Princeton University

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Princeton University,

at Princeton, N.J.; coeducational; chartered 1746, opened 1747, rechartered 1748, called the College of New Jersey until 1896.

Schools and Research Facilities

One of the nation's foremost universities, Princeton has in addition to its noted undergraduate college and graduate school important schools of architecture, engineering, and public and international affairs. Research is carried on in many areas, including plasma physics and jet propulsion. The university is affiliated with the Brookhaven National Laboratories. The Harvey S. Firestone library (opened 1948) and the art museum house many outstanding collections. The Institute for Advanced StudyInstitute for Advanced Study,
at Princeton, N.J.; chartered 1930, opened 1933. It differs from a university in that it offers no curriculum or examinations, and confers no degrees. Founded with a gift from Louis Bamberger and Mrs.
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 at Princeton, N.J., is not connected with the university.


Established by the "New Light" (evangelical) Presbyterians, Princeton was originally intended to train ministers, but this purpose disappeared as higher education gained hold. The college opened at Elizabeth, N.J., under the presidency of Jonathan DickinsonDickinson, Jonathan,
1688–1747, American Presbyterian clergyman, a founder and first president of the College of New Jersey (now Princeton Univ.), b. Hatfield, Mass., grad. Yale, 1706.
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. Its second president was Aaron Burr, the elder, father of Aaron BurrBurr, Aaron,
1756–1836, American political leader, b. Newark, N.J., grad. College of New Jersey (now Princeton). Political Career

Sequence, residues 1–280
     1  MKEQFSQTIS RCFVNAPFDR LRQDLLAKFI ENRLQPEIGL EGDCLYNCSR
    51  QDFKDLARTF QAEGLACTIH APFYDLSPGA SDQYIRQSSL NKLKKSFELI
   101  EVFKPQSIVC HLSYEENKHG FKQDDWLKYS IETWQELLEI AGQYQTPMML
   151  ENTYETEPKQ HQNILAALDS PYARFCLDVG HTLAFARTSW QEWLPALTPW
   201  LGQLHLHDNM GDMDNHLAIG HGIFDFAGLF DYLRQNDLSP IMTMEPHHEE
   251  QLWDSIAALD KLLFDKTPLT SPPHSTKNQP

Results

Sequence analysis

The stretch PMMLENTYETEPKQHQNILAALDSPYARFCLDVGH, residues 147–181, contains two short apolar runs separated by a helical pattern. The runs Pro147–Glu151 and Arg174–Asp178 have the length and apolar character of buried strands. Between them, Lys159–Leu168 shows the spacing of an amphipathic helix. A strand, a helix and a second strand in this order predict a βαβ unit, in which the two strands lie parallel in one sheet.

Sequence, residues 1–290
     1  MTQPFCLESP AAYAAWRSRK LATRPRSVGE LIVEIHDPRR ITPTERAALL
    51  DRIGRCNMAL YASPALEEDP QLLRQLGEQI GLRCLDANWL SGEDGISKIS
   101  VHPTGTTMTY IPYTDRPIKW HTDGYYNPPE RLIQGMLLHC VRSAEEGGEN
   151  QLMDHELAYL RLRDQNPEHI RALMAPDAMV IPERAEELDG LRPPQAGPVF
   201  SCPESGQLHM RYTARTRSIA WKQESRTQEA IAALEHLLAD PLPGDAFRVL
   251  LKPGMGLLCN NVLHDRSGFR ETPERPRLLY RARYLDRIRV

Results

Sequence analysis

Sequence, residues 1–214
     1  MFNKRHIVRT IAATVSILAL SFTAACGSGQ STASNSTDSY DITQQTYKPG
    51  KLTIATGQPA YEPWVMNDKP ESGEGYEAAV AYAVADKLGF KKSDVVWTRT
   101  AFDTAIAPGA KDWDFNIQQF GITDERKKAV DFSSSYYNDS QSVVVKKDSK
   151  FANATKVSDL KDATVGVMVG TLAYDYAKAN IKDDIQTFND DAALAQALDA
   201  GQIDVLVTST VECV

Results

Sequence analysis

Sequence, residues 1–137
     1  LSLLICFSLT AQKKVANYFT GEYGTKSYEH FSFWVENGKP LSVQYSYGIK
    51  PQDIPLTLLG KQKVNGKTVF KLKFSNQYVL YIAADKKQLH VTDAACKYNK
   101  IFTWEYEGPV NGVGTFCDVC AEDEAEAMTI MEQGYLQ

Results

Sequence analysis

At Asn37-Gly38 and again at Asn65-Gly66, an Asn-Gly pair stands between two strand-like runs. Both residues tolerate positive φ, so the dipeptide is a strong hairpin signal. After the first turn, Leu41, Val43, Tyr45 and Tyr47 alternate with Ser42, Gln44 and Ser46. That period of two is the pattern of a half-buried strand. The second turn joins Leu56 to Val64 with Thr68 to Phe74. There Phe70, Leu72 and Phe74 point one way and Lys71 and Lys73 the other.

A brilliant law student, Burr interrupted his study to serve in the American Revolution and proved himself a valiant soldier in
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. In 1756 the college moved to Princeton. During the American Revolution, Princeton was occupied by both sides, and the college's buildings were heavily damaged. Under John WitherspoonWitherspoon, John,
1723–94, Scottish-American Presbyterian clergyman, political leader in the American Revolution, and signer of the Declaration of Independence, b. Haddingtonshire (now East Lothian), Scotland. He was educated at the Univ. of Edinburgh.
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 the college was rebuilt. During the 19th cent. the college expanded, and in 1896 Princeton became a university. Under Woodrow WilsonWilson, Woodrow
(Thomas Woodrow Wilson), 1856–1924, 28th President of the United States (1913–21), b. Staunton, Va. Educator

He graduated from Princeton in 1879 and studied law at the Univ. of Virginia.
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, Princeton introduced the preceptorial system (1905), a change that led to a greater degree of individualized instruction.


See T. J. Wertenbaker, Princeton, 1749–1896 (1946); C. G. Osgood, Lights in Nassau Hall (1951); and H. Craig, Woodrow Wilson at Princeton (1960).